Having completed their circuit, the handlers bring their dogs into line and set them up for examination" it is time for me to go thoroughly over each dog comparing each with each and all with my interpretation of the Breed Standard It is important now to go through essentially the same sequence of investigation with each dog, to give them all an equal chance. Sometimes a part of the sequence varies of there was a specific point during the earlier movement around the ring that I want to look at more closely to check the basic structure and conformation. First I look closely at the dog’s front checking width across the shoulders front legs parallel, balance of head and breadth of skull, ear size shape and placement has the dog got the correct leonine appearance and scowl? Are the face and muzzle typical for the breed? Check eyes small and dark with ample filling under the eyes. Is the face excessively wrinkled (my particular phobia for Chows living in hot countries)? Now for the mouth usually I like to open it myself for examination, but I do concede there are times when it is advisable for the exhibitor do it for me, although here a clever (crafty) handler can sometimes disguise some less desirable aspect of the mouth. You will all know what I am seeking, a scissor bite preferably with a bluish tongue in a black mouth, Now feel over the skull, checking for breadth and flatness, finger and thumb to feel the substance of the ear and that it has a rounded tip- So far so good, now right hand spread along the neck, I am seeking here with the tip of thumb at base of skull and small finger at the withers for a slight arch to a strong and rather short neck set well into the shoulders. From the neck the hand runs down the shoulder, feeling for the slope of the shoulder blade down to the point of the shoulder and along the upper arm trying out the dogs musculature on the way. Although the foreleg. Must be perfectly straight and parallel, the upper arm needs to slope backwards from the point of the shoulder. It is here, at the foreleg that I examine the weight of bone before going down to the foot, which I like to pick up and place on the palm of my hand to determine clearly that U is a round cat foot, tight and small. The depth of pad and tightness of foot on my hand tells me whether the dog stands well up on his toes. I must see that the front legs are parallel and by now most dogs will have moved somewhat under examination, so I usually pick up the dog's front and drop it down again to achieve the proper stance before going in to check the chest and ribs. A hand underneath between the front legs will indicate the width of the chest and then I compress the coat so that I can see if the chest reaches down to about the elbow, or if the coat gives a false impression of real depth.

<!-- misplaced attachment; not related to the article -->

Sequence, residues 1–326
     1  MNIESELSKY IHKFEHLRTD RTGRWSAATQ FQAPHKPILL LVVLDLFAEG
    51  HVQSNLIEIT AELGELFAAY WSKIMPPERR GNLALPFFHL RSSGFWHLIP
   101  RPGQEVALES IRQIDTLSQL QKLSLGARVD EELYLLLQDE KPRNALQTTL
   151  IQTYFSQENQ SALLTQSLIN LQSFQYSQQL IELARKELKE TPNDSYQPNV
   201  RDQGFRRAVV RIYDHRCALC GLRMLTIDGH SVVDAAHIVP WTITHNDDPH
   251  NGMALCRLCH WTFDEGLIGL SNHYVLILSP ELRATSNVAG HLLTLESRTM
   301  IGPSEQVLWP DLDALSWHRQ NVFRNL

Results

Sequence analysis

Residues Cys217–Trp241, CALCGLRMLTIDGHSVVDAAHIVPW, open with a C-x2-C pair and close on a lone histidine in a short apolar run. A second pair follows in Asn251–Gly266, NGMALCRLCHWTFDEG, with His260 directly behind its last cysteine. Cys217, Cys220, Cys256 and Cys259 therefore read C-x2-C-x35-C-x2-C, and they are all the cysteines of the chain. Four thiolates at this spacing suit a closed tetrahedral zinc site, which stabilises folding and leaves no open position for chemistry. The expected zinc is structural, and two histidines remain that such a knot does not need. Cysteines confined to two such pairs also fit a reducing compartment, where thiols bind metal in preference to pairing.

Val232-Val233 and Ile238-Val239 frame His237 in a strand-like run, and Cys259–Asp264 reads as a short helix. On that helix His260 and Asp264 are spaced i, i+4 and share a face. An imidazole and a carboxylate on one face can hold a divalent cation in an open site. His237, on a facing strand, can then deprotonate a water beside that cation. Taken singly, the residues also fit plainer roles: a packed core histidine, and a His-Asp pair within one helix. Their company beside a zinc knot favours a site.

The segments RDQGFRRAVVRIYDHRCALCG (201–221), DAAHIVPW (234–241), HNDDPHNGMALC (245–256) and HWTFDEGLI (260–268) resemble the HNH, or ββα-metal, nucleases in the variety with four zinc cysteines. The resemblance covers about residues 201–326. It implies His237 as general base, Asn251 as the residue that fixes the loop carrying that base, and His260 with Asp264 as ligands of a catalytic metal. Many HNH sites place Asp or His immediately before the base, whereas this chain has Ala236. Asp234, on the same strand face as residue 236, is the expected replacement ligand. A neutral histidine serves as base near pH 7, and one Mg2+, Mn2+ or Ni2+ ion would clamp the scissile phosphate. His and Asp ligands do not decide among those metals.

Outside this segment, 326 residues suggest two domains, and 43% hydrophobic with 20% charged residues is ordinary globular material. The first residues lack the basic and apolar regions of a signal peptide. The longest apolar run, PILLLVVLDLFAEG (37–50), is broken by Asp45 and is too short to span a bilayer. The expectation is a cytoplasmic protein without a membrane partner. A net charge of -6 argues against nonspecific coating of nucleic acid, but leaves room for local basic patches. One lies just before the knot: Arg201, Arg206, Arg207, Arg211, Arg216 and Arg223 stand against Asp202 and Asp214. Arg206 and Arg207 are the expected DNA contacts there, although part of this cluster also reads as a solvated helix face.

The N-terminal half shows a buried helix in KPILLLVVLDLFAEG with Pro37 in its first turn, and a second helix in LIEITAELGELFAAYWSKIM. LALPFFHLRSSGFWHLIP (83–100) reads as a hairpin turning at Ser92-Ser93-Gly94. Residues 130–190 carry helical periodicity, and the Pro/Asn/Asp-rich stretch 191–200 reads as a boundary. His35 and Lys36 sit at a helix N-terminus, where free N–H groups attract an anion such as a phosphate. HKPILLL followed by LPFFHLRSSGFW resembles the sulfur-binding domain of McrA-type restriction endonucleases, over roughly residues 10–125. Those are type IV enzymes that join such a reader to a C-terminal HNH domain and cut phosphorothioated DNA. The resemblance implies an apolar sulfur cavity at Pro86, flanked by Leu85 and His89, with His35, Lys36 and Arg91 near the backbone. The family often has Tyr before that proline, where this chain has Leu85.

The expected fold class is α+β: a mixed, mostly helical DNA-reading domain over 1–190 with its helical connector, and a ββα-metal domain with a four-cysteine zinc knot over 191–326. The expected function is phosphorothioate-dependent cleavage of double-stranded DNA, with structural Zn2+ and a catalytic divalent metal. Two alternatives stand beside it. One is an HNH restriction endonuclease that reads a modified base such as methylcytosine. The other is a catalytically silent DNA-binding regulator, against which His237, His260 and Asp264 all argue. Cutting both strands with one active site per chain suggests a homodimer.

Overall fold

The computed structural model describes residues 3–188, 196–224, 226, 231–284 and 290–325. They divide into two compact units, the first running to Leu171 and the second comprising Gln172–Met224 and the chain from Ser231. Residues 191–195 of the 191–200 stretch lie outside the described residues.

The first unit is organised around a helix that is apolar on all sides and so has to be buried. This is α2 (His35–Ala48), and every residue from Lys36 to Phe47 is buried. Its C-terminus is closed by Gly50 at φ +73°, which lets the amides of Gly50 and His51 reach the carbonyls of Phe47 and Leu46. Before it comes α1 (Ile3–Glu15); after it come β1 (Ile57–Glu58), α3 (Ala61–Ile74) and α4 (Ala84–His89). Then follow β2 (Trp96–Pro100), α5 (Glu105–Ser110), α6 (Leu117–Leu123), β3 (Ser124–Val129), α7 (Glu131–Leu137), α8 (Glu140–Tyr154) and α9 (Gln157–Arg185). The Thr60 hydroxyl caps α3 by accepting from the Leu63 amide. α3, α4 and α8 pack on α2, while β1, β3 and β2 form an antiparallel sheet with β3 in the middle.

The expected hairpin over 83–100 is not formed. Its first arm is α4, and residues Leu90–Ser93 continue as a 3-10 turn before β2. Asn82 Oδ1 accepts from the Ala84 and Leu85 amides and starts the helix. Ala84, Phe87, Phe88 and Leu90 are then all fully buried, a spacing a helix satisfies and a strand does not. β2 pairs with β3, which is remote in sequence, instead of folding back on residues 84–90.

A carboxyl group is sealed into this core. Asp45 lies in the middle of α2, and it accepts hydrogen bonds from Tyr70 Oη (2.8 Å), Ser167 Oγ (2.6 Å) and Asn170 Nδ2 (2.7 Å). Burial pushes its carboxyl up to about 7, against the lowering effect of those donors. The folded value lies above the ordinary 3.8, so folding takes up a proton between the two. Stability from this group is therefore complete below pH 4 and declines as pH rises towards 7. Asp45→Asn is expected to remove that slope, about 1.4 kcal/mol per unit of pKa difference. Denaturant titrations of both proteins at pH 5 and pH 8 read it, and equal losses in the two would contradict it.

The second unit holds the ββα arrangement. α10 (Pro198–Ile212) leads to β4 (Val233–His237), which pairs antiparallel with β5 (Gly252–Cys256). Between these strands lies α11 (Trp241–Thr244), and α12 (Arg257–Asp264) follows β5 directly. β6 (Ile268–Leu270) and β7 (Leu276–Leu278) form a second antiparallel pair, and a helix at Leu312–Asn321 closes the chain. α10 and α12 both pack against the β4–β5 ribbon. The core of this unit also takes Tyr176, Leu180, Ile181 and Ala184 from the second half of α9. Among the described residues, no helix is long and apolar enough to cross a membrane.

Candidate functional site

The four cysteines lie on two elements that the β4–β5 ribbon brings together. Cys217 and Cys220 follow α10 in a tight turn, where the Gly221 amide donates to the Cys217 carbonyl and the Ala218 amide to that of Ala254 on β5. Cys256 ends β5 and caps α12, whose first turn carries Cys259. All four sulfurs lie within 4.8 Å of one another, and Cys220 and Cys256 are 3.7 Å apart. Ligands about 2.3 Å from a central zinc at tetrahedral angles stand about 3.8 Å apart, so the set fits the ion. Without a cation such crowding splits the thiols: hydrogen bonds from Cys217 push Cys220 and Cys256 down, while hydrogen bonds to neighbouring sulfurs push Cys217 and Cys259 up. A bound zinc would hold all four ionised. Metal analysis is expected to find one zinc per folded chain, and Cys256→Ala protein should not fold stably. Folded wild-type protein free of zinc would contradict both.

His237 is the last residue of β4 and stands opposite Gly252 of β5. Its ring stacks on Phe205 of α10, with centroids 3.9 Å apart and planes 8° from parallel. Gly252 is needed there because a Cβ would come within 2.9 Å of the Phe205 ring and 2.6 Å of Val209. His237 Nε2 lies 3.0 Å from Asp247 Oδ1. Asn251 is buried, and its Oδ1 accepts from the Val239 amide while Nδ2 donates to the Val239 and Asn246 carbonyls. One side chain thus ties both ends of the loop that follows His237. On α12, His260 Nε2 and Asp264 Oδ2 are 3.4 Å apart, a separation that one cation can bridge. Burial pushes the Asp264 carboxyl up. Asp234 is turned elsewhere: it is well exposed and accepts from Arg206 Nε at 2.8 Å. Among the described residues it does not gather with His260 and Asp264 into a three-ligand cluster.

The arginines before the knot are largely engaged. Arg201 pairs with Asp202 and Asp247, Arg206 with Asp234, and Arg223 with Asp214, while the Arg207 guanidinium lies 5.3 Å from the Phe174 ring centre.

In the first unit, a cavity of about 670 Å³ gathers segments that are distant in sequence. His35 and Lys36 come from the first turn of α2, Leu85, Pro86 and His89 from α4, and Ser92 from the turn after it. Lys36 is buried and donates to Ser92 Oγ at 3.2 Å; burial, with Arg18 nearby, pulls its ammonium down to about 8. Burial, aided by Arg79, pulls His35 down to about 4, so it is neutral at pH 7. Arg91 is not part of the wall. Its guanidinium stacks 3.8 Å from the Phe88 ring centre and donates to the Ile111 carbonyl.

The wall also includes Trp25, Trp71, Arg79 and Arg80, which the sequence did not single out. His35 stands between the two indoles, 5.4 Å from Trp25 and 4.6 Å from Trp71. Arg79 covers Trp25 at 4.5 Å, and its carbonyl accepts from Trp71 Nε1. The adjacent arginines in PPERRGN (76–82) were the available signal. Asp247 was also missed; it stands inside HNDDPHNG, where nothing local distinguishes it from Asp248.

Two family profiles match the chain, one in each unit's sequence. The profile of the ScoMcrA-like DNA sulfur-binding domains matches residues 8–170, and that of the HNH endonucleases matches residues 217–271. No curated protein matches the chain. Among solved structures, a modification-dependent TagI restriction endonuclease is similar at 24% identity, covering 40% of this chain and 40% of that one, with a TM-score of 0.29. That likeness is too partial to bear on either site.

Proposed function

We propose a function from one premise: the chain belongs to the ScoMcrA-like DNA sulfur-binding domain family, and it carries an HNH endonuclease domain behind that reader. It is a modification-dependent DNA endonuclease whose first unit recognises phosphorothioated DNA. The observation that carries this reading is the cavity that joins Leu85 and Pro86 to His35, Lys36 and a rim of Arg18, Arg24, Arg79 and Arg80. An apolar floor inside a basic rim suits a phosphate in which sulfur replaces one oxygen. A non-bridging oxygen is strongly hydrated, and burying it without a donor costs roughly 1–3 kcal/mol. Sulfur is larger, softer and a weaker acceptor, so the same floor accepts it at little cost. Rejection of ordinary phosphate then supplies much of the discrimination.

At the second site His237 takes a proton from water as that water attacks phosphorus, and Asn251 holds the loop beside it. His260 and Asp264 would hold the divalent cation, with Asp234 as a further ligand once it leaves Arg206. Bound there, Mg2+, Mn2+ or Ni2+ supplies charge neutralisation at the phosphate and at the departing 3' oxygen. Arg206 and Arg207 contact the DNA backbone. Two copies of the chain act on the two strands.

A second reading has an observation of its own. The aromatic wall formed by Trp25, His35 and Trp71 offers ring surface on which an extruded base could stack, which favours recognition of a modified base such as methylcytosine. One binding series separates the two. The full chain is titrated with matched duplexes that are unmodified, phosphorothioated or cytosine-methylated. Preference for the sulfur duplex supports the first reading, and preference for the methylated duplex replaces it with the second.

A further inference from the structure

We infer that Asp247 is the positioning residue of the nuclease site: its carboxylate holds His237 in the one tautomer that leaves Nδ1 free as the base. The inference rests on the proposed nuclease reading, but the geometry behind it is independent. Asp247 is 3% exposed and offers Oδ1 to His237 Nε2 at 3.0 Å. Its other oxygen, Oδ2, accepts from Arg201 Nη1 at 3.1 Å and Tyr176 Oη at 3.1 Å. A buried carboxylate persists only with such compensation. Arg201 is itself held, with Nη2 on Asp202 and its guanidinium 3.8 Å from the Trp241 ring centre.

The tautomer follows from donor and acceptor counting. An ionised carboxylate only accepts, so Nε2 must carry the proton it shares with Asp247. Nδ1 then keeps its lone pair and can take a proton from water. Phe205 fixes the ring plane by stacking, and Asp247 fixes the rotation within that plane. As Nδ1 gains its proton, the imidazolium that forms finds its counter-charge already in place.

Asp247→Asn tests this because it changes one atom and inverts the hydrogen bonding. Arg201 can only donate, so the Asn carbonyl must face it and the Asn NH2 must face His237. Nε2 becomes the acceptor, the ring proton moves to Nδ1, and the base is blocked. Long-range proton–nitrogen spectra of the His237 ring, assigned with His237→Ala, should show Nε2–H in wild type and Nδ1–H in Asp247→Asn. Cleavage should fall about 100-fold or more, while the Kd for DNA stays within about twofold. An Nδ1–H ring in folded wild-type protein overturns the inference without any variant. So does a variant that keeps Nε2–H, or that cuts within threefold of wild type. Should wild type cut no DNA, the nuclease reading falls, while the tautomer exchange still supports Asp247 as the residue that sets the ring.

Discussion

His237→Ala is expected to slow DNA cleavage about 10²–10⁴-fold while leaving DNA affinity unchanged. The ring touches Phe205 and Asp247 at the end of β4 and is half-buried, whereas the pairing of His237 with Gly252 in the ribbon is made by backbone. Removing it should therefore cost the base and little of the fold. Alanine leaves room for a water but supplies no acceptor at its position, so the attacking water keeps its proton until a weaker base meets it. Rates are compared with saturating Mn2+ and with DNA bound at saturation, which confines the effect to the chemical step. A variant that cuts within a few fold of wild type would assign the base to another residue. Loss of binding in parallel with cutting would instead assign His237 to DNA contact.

Run the right hand down over the ribs and then along the back to find the short coupling so essential to the well balanced Chow. Too great a space behind the ribs implies a weak back, with to much load on the spine here, a possible spinal trouble in later life, However, in this matter of short coupling, I am prepared to forgive a bitch being slightly long, it gives more space to carry her whelps and goodness knows, whelping is already difficult enough in the breed. The hand now runs along the back line and gives me a good idea of the mass of the frame beneath the coat. This is the time; too when I examine the coat for texture, profuseness and that a soft wooly undercoat underlies the longer, coarser guard hairs. A look at the tail carriage now, and then open out the tail to check the set on. I am checking here that the tail is natural in line extension of the spine. A hand spread over the loin? Now check the width and musculature as well as the bone structure here at the croup. Finally the hand run down the hind legs look for muscle and the straight hocks, well let down. For a male, the static "examination concludes by checking for entirety. Now for the dynamics of movement. "Move your dog in a triangle, please" and here I like to see the handler pause for a moment to collect himself and his dog before taking off with a firm steady stride at the pace which shows off the gait of his dog to best advantage -so many of your exhibitors tend to walk to slowly and not in a straight line. On the out walk I am looking for parallel rear action, (or slightly angled in at a faster pace) symmetry of movement and a straight line along the line of advance (i.e. no crabbing). On the cross walk I look for tail carriage, typy outline, stilted hind action and that dignified walk with attention and interest in what he is doing. Finally the in walk shows parallel front action, no elbowing out, no plaiting etc. breadth of chest, and proud head carriage. To a standstill for a final look at overall balance. Then on to the next dog in the line sometimes with a black or blue chow I may find it necessary to ask the handler to reposition his dog at a different angle to the sun, as these colors can make the dog very difficult to see properly when the animal stands in its own shade. The front can be particularly difficult to judge fairly if the light comes from behind the dog.